It’s back.

I know I’ve been very absent from here as of late, but there’s no way I could let another AP Art History exam pass us by without my annual review. I’ll be reblogging the entire review starting Friday, though Saturday, and ending Sunday to help test takers. 

Make sure to check out my tips and tricks for the exam before this weekend. There will be study questions included on many of the posts, but it’s also helpful to use the CtC homepage as a set of flashcards, since the artist, title, and date won’t appear until you mouse over the post.

Good luck!

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arthistorygifs:

The Temptation of St Anthony - Salvador Dalí

This tumblr turns famous artworks into gifs to explain/provide meaning into the painting. Not too many up yet, but the concept is awesome.

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The AP Art History Crash Course is over, but for me it really highlighted a larger problem with teaching canonical art history. Head over to twitter to join the conversation - I’d love to hear your thoughts.

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Barbara Kruger, Untitled (“I shop therefore I am”) 1987

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Cindy Sherman, Untitled Film Still #21, 1978

Things to think about when studying:

  • How was Sherman trying to reclaim the male gaze?
  • How does Sherman play with identity in these untitled film stills? What aesthetic is she trying to evoke?

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Donald Judd, Untitled, 1973

Things to keep in mind while studying:

  • This sculpture is an example of what movement?
  • How does the highly polished surface help with Judd’s elimination of the hand of the artist? This was a reaction to what style?

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Robert Smithson, Spiral Jetty, 1970. Located in Great Salt Lake, Utah, United States.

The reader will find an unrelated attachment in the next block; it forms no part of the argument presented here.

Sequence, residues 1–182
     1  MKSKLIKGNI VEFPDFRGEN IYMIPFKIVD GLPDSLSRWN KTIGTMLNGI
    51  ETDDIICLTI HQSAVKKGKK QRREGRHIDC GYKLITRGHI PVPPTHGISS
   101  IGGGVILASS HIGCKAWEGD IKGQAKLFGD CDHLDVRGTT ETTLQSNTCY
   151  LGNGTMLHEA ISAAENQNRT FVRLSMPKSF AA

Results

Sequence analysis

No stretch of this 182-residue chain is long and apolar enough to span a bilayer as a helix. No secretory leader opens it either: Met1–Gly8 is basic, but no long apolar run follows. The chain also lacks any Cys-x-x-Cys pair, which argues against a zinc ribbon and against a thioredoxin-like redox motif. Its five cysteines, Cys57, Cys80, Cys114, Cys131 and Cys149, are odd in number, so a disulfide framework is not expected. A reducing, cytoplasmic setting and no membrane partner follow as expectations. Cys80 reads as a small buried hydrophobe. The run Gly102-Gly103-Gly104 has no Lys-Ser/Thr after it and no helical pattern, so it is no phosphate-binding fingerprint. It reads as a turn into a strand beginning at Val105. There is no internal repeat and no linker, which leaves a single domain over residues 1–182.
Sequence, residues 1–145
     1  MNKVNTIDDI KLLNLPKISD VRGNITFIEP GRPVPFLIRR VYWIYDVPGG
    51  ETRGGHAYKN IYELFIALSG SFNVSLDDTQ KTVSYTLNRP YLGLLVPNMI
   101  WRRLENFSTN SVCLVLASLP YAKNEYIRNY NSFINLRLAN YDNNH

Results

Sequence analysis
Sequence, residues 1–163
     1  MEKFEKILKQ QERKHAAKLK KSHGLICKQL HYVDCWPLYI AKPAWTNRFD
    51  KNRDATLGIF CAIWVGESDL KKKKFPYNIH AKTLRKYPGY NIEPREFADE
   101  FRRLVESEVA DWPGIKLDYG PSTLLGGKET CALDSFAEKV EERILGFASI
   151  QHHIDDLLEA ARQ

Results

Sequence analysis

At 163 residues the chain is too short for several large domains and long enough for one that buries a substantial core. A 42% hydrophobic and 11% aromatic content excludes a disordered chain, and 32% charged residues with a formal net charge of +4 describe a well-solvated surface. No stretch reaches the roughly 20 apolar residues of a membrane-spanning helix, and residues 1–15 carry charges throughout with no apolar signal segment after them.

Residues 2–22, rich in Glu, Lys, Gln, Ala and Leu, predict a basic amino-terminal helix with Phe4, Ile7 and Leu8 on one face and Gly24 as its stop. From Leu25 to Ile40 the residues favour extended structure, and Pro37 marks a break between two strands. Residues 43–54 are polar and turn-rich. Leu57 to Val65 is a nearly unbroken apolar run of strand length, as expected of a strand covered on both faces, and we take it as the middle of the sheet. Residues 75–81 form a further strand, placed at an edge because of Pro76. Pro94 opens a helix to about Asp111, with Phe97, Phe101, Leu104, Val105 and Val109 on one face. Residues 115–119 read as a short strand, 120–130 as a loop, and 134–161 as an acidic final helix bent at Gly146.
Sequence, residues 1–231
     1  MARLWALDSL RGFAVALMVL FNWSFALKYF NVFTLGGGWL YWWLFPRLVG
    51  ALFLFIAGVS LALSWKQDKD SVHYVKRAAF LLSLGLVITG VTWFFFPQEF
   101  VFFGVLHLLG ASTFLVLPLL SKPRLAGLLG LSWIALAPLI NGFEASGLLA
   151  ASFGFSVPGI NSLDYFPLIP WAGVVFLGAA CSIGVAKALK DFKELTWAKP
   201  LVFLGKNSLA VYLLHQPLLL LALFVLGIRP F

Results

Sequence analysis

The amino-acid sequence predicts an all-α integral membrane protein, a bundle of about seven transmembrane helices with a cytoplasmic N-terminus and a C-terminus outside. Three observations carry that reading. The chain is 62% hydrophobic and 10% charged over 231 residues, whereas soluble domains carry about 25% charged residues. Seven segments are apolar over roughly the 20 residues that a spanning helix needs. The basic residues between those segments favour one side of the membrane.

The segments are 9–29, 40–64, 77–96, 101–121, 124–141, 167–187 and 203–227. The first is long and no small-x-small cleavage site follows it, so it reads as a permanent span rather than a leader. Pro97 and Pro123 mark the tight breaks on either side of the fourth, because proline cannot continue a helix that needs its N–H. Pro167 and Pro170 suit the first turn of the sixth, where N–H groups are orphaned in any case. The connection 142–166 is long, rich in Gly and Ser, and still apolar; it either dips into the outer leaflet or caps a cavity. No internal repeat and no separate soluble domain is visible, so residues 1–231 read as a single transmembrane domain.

Things to keep in mind while studying:

  • This work is part of what movement?
  • Why is location so important? How does Smithson use the specific site to create the work?
  • How does the viewer play a role? Why is his or her involvement important?

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Claes Oldenburg, Soft Toilet, 1966

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Joseph Beuys, How to Explain Pictures to a Dead Hare, 1965

One of the artist’s most famous performances, Beuys covered his head first with honey, and then with fifty dollars worth of gold leaf. He cradles a dead hare in his arms, and strapped an iron plate to the bottom of his right shoe. Viewed from behind glass in the gallery, the audience could see Beuys walking from drawing to drawing, quietly whispering in the dead rabbit’s ear. As he walked around the room, the silence was pierced by intermittent sound of his footsteps; the loud crack of the iron on the floor, and the soundless whisper of the sole of shoe. (via)

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Norman Rockwell, The Problem We All Live With, 1964

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Roy Lichtenstein, Drowning Girl, 1963

Things to think about when studying:

  • What were the dots that Lichtenstein used called?
  • What movement is this work from?
  • How does Lichtenstein alter his popular sources to create a work of art rather than a direct copy?

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Andy Warhol, Gold Marilyn Monroe, 1962

Things to think about when studying:

  • This is a silkscreen - why is this medium important to Warhol’s work?
  • How does Warhol undermine the public’s perception of Marilyn?
  • What does this work say about consumerism?

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Diane Arbus, Child with Toy Hand Grenade, 1962

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Jasper Johns, Three Flags, 1958

  • What materials did Johns use in his flag paintings?
  • What was he trying to achieve by representing such a common symbol?

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Willem de Kooning, Woman I, 1952

Things to keep in mind while studying:

  • How large was this painting? Why is that important to the Abstract Expressionist movement?
  • Stylistically, how does de Kooning depict the woman? Be able to describe his brushwork and other formal qualities.

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